One syndrome, “sick-building syndrome,” has been associated with indoor environments that are unhealthy because of indoor pollution, temperature, humidity, and other factors. Respiratory symptoms may be a component of the non-specific picture of sick-building syndrome, which is diagnosed on the basis of symptomatology and the temporal link of its occurrence to presence in the triggering environment.

Beware: there are other diseases that can mimic exposure to indoor or outdoor air pollutants.

Not applicable.

How and/or why did the patient develop a condition related to indoor or outdoor air pollutants?

Not applicable.

Which individuals are at greatest risk of developing a condition related to indoor and outdoor air pollution?

Air pollution exposures vary by place and time. In the United States, the Environmental Protection Agency, the states, and the municipalities carry out extensive monitoring of the key pollutants, particularly the criteria pollutants. Not surprisingly, these data show that levels are highest in major urban areas, and fine-scale studies show that exposures can be particularly intense alongside major roadways. Individuals who are likely to have higher exposures tend to live in inner cities and to live close to industrial sources. Because people who live in these areas tend to be of lower socioeconomic status, they are also more likely to have lower quality housing and to have higher exposures to indoor air pollution. The term “vulnerability” has been used to refer to this potential for higher exposures, while "environmental inequity" or "environmental injustice" refers to the higher exposures for those who are less advantaged.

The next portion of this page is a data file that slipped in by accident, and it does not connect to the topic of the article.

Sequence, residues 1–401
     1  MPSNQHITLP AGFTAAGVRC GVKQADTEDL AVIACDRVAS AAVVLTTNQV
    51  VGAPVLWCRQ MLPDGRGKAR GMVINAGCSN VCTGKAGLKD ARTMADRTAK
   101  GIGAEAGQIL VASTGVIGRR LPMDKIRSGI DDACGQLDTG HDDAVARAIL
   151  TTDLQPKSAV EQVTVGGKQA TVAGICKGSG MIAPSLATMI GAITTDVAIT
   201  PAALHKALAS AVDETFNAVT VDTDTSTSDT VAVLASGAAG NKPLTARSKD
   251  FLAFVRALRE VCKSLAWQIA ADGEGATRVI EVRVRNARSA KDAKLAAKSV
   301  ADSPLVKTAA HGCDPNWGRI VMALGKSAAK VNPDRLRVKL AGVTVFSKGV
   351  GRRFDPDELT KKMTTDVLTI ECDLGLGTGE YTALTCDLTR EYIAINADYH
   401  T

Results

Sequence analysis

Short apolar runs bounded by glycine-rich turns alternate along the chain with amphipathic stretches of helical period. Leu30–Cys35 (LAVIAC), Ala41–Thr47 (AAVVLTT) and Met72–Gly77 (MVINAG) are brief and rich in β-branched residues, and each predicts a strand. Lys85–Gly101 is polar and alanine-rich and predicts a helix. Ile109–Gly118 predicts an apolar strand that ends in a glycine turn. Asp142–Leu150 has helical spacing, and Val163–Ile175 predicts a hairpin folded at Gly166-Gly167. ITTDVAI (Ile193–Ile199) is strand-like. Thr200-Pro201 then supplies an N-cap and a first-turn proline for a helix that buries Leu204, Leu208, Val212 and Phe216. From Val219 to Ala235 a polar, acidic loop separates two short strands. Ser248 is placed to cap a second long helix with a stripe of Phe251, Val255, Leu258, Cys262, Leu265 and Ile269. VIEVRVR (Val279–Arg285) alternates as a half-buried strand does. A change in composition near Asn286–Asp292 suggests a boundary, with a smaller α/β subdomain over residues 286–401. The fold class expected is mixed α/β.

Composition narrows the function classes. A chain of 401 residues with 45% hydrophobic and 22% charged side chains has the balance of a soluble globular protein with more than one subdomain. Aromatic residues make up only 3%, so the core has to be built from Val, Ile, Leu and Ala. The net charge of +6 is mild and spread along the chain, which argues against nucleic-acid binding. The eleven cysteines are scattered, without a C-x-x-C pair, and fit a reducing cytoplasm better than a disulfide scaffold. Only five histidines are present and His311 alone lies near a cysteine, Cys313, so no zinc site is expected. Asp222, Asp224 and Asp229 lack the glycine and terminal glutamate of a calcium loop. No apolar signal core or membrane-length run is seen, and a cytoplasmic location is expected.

By contrast, susceptibility refers to a higher risk for developing disease or other adverse outcomes at a particular exposure than that of those who are not susceptible. Broad groups considered as susceptible include infants and the elderly, persons with chronic heart or lung diseases, and those with other chronic diseases, such as diabetes. Research is in the process of addressing genetic determinants of susceptibility.

What laboratory studies should you order to help make the diagnosis, and how should you interpret the results?